The Sainted Mare

Sugar, The Sainted Mare

It’s been two years since my last horse show.  That infamous show is referred to around my house as “the the one where Amy attempted to turn herself into a human lawn dart.”  I haven’t shown since then because of one thing or another.

The Sainted Mare injured herself, I was kicked out of my old barn and needed to acclimate to life in a new system, health issues, my son was showing my horse, and showing has just never been that important to me.  BLAH BLAH BLAH.  For anumber of reasons I just didn’t show.  Then things changed and I kinda sorta thought I maybe might wanted to show.

You know that kind of feeling, right?  The niggly thought in the back of your brain that’s just a kernel of an idea until it takes shape and ultimately becomes something you need to act on?  That’s what happened to me.  Watching my son show Sugar made me think I might want to show, and over time that thought grew and finally I told my trainer, “Let’s do it!”  We settled on a local show as my comeback, and decided that instead of the jumpers I’d compete in the equitation classes.  My trainer felt that I’d be more relaxed as I wouldn’t feel pressured by the need to make time or memorize a jump off course, and I’d put less pressure on myself as I am not an equitation rider, nor is Sug an equitation horse.  No expectations = no pressure, right?  BWAHAHAHAHAHAHA!  Not if you have my brain.

The weekend of the horse show coincided with a soccer tournament my daughter was in.  I spent the morning watching her team play, thinking it would help distract me and keep the show nerves at bay. It didn’t.  Not really.  We then had friends back to the house for a pizza lunch.  No distraction here, either.  Noah and I headed off to the show and arrived at 3:30, ready to warm up and show around 4:30 or 5:00. Here’s where things got interesting.  The classes started running later and later, as will happen at horse shows, and our estimated show time was pushed back an hour, then another hour, and then another hour, and yet another hour.  We were told we’d be showing outside, under the moon and arena lights, in weather that had turned quite chilly and windy ( a factor when all the fences standards are decorated with cornstalks.)

So here’s where we get to the Clint Eastwood portion of this post…

THE GOOD

I showed.  Despite nerves and delay and crappy circumstances.  When we weren’t on the horses by 8:00PM I wanted to chuck it all in, but I didn’t. Yay me.

I didn’t completely suck.  There were some very nice moments in my courses.

I didn’t fall off when I choked my poor horse into a ridiculously deep distance and she had to jump straight up from a near standstill. I almost went out the side door, but managed to scramble back in the tack.  The good news is this contributed to a marked lack of impulsion, which made it much easier to do the Halt/rein back test portion of the class which immediately followed that fence.

Finding your car when you're the last one at the show?  Easy peasy!

Finding your car when you’re the last one at the show? Easy peasy!

We had a fabulous time with my trainer and barn friends, laughing like loons over a late dinner of pizza that a barn mate’s mom brought in.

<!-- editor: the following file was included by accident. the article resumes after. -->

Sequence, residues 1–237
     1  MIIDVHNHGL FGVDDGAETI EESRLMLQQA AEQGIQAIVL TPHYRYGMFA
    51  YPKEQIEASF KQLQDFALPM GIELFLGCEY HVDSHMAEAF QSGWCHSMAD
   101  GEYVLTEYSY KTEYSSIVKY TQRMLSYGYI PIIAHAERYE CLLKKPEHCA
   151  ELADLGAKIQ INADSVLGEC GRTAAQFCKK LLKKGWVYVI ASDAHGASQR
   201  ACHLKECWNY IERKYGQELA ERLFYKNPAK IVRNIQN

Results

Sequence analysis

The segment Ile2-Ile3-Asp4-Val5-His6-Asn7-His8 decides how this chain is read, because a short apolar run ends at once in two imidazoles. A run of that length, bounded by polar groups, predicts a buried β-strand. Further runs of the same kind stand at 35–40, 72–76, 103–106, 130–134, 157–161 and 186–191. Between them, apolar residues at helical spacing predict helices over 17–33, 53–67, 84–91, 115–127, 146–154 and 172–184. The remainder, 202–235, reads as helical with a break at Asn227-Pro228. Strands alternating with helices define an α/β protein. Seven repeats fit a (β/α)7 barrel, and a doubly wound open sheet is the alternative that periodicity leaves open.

Finding where you parked your car is not too difficult when you are one of the last people to leave the show.

THE BAD

The time – Riding at 9:00PM, 5 hours after we thought we would be.  By 9PM I’m normally in my fat pants, reading a good book and enjoying a nice Sauvignon blanc.

The weather – a 20 degree drop in temperature with gusty winds.  The Sainted Mare was definitely on her toes, bug-eyed and snorting, as was James, the OTTB my son Noah was riding.

Cornstalks.  And wind. Need I say more?  Thankfully TSM and James kept their wits about them.  Many horses didn’t, and we saw a few galloping riderless around the ring.

THE UGLY

My riding.  I went from riding 3′ courses well at home to riding 2’6″ courses badly at a show.

My nerves.  I let them get to me.  And because I let them get to me, I lost focus. Instead of being a thinking rider who executed her plan, I became a reactive rider that choked up on her horse, trying to “pull back” into seeing a distance, instead of simply getting my rhythm and letting it take me to the fence and finding the distance out of the rhythm.

When I added so many strides my poor horse had to take off from darn near underneath the base of the fence and I almost fell off and had to had to clamber back into the tack after hanging of the side of my mare’s neck.

I beat myself up quite a bit over my performance at the show, as poor Sug did not deserve the ride I gave her.  Despite the adverse conditions, she did her job as best she could.  I did not hold up to my end of the bargain, and I feel I let her down.  Thankfully, horses don’t think like we do.  (I hope).

In the meantime, I’m feeling glad that we got that “first show” out of the way and it’s in the rear view mirror.  I know what I need to work on in terms of my riding and in terms of my mental outlook, so I can say that while this show did not go as I’d hoped, it was a valuable learning tool.

So, onward and upward!  Time to start planning for show #2.  Now, where did I leave that Valium prescription…

Amy
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